Donate special needs foods
Ordinary kibble or cat chow just doesn't cut it when it comes to providing proper nourishment to aging pets, pets with medical conditions, or tiny puppies and kittens. The Kauai Humane Society has an ongoing, desperate need for kitten milk replacement and bottles all year round. Generally, the kitten season is March through October, but in warmer climates, kittens are born year-round. A cat's reproductive cycle is influenced by the amount of daylight in a 24-hour period and warmer weather. Crazy as that sounds, here are 17 other bizarre and interesting things about cats you didn't know.
Things you can do after the COVID-19 crisis...
Even after the coronavirus crisis is over, animal shelters—along with many other businesses—will still continue to need help. Read on for nine more ways you can continue to help shelters in the future.
Roxann Waters wears many hats as a volunteer for Pitter Patter Feline Rescue in Stamford, Connecticut—including fostering kittens. Another role she often fills is "photographer." Pictures are hugely important, especially for animal rescues that don't have a shelter where people can visit. Prospective pet parents are looking for that heart-tugging photo of a friendly and relaxed animal looking into the camera. Waters often visits the home of other foster parents to take pictures."Good photos are important for social media since we don't have a shelter. Those pictures are how we market the kittens," Waters says. If you have an eye for capturing an animal's potential, ask if your local shelter needs someone to take pictures. You could capture a happy ending just like these heart-tugging before and after cat adoption photos.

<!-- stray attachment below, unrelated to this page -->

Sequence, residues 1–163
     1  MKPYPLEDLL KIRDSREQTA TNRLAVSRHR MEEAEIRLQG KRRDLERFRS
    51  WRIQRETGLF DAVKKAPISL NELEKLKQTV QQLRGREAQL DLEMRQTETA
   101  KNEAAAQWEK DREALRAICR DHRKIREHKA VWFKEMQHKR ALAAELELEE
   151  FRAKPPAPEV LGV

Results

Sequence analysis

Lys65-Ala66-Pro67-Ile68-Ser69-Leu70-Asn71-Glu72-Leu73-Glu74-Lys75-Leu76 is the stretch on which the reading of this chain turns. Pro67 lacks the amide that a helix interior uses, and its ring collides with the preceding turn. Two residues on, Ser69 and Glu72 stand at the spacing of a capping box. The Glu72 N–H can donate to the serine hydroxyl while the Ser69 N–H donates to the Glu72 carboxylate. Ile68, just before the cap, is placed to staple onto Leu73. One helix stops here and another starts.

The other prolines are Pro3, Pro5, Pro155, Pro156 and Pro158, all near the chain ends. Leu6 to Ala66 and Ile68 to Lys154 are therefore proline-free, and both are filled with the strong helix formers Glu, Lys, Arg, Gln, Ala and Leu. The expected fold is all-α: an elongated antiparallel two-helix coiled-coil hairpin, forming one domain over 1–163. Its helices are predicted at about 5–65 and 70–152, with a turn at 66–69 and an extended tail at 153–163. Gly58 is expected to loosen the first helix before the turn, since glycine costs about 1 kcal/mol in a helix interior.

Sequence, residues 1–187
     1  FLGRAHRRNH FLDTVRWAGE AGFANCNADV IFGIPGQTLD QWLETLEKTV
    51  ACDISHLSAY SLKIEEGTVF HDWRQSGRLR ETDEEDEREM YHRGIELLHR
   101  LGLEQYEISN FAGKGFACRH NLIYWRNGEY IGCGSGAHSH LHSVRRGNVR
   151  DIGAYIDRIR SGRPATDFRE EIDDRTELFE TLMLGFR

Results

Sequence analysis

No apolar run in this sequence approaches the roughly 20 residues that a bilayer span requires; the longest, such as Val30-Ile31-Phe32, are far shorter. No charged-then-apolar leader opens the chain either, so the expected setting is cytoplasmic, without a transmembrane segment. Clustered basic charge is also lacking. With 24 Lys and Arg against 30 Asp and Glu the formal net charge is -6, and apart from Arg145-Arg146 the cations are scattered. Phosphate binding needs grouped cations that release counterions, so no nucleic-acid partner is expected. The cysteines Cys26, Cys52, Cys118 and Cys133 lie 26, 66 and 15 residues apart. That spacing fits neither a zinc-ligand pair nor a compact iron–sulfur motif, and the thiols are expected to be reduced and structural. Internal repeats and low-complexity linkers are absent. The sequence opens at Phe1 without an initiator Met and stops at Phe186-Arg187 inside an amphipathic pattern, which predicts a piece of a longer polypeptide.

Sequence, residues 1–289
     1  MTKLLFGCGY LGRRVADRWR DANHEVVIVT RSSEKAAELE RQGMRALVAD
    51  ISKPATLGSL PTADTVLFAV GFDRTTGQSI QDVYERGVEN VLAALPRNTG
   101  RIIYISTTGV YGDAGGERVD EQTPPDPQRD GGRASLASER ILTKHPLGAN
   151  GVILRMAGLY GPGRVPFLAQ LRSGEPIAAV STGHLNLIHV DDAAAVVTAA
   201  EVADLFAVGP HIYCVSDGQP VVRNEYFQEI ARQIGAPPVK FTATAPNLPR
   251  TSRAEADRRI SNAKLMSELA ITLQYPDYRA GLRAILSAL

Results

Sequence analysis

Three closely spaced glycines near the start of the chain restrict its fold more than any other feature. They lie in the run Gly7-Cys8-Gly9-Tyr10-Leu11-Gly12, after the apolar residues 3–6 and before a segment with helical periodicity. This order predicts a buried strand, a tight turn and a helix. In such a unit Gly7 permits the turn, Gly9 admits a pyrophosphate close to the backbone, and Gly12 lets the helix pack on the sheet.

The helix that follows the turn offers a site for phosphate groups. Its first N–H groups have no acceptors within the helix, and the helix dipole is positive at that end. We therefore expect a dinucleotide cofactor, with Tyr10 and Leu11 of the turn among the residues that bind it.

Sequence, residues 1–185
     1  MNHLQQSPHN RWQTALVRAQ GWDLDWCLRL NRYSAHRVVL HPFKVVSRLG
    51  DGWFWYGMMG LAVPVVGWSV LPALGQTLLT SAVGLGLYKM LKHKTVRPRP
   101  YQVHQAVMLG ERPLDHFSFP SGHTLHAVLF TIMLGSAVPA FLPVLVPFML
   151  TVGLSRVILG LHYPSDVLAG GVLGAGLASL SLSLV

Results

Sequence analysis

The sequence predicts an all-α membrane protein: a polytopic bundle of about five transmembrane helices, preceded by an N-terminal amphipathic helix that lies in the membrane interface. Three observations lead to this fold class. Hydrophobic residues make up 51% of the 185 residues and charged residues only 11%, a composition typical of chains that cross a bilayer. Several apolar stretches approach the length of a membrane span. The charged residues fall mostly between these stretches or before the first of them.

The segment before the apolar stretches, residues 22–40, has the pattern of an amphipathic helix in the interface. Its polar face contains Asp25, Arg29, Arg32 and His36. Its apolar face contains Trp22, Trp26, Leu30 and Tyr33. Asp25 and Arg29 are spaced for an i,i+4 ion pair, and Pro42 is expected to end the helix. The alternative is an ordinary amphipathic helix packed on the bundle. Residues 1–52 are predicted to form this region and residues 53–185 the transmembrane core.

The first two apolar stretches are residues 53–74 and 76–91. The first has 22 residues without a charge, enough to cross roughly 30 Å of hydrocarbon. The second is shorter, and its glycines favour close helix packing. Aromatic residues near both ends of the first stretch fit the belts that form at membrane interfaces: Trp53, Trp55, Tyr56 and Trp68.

Process adoption applications
Shelters and rescues top priority is caring for the basic needs of animals, like feeding, grooming, walking, training, and cleaning kennels. While a municipal shelter has employees that help carry the load, rescues are usually staffed by a few dedicated volunteers. That doesn't leave a lot of time to answer email and process adoption applications, even though adoption is the primary goal. Volunteers comb applications ensuring deserving pets find a well-suited home, and that takes time and training.
Play with animals